KENT CONWELL: A Cruise to Remember
Last updated 5/30/2012 at Noon
A couple months back, our daughter and her husband gave Gayle and me a Cozumel cruise our fortieth anniversary. To say we were surprised is as much an understatement as suggesting Noah’s flood was a passing summer shower.
We’d never been on one. I don’t know why. Maybe perhaps we’re pretty much homebodies with a cluster of families and mass of cats that keep us on a predictable and comfortable routine of our own.
This was something new, precipitating tasks beyond with which we were familiar. In other words, our little daily routine, plebian in nature, was blown to smithereens. From that day on, our lives had been altered. Warily, we barged ahead.
Most of the details of the cruise were done online. Technology savvy, I do not possess. Why, I have ‘missed alerts’ on my cell phone that are two years old and don’t know how to get them off.
Fortunately, Susan’s husband, Mike, came to my rescue and got us registered and accounts set up for the cruise. We even printed up the luggage tags. After that, it was left up to me to take care of passports. Both Mike and Amy’s husband, Jason, are handy with computers. Me? I can turn them own and go to Word, and that’s about it.
Securing passports is not hard unless you don’t have all the information on the birth certificate. And naturally, one of ours was missing a couple pieces. In the blank for father’s name on Gayle’s, the hospital put in his line of work, Farmer. That meant we had to drive to Lake Charles and spend the day to pick up a complete certificate for Gayle. Then we came back. At the post office, we raised our hand and swore to just about everything, then forked over about $250 bucks for two passports and attendant fees.
I griped and complained all the way home.
If only I had known what lay ahead!
Then came clothes. Jeez, more time and money, but the adventure that lay ahead served as Sirens calling out to Odysseus and his sailors. Irresistible. So we plunged ahead, telling ourselves this was a once-in-a-lifetime venture. “Damn the torpedoes. Full speed head,” cried Admiral David Farragut at the Battle of Mobile Bay in the Civil War.
So it was with the Conwells. “Damn the hassle, full speed ahead.”
And we barged forward. It was a sort of blind-leading-the-blind project.
With our daughters and grandkids, we made a run to Galveston to find Pier 21 where the ship was moored and set up a tentative, very tentative, plan of action.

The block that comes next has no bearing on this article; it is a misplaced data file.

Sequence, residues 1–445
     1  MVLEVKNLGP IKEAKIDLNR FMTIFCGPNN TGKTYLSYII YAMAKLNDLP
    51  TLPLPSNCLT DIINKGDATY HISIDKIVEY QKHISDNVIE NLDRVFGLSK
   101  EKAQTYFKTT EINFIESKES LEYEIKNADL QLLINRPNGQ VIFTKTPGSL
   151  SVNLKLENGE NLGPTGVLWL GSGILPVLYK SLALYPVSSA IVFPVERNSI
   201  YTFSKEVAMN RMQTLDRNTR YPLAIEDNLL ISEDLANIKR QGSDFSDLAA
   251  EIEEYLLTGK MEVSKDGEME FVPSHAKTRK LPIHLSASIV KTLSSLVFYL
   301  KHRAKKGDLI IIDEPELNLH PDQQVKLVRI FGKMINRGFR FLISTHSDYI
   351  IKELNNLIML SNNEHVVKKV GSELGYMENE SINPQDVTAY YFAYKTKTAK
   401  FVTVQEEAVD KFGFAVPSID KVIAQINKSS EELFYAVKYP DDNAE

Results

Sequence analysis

On the fateful day, we left early. I had nightmares that we’d break down on the road or the ferries would be sinking and we’d end up on the side of the road watching the Carnival Triumph chug out of port.
I shouldn’t have worried. We had time to spare. After dropping our luggage at the pier, we parked and caught a shuttle back, and got swept up in a maelstrom of passengers going through customs. It was organized chaos, and before we had a chance to stop and look around, we were onboard and sitting at the bar in the mail lobby.
Then the fun–well, if being lost, turned around, and constantly confused is your idea of fun, we were having fun. Not to offend anyone, but after two or three Bud Lights at $5.95 a whack, we didn’t care if we were lost or turned around or not.
The rooms were nice, really nice. We were on the First Deck. Gayle laughingly referred to it as Third Class, but I tell you, if it were Third Class, I’d take Third Class any day.
We got to our room about two o’clock. No luggage, so we toured as many of the twelve decks as we could. Sailing time was four o’clock.
I’ve never seen so many elevators and stairs. A couple times, we got off an elevator only to find stairs on either side. It reminded us of the Great Maze of Crete that housed the Minotaur. Every time we turned around, there was another damned elevator or set of stairs, but like Farragut, we persevered. We finally found our dining room at the stern (notice the nautical slang? Who says I’m slow?) on the Third Deck and our assigned table with a couple from Freeport.
They were wonderful folks, but the food was lousy. The grilled chicken breast was dry; the golf-ball-size Imperial Red Potato was cut in quarters; and the green beans numbered four. Oh, and no rolls. The tea–well, it was tea in name only.
I would have preferred staying at one of the numerous bars drinking Bud Light. Still the meals were part of the deal. We discovered there were several dining areas around the big liner, and all were free. You just stepped into line at the buffet or waited to be seated to order as much of whatever was on the menu.
To be fair, only dinner at that specific dining room was not tasty. Breakfast and lunch were delicious, as were the entrees at all the other dining areas and grills. And it was all you could eat. We sat across from one gentleman who devoured a grapefruit, waffles, and two servings of bacon. They did not skimp on portions either. What was left over would have been a Dumpster diver’s dream come true.
Twenty-four hours a day there was someplace open to quench your thirst or satisfy your hunger.
After dinner that first night, we headed for the bright lights of the casino.
What happened there will have to wait until next time.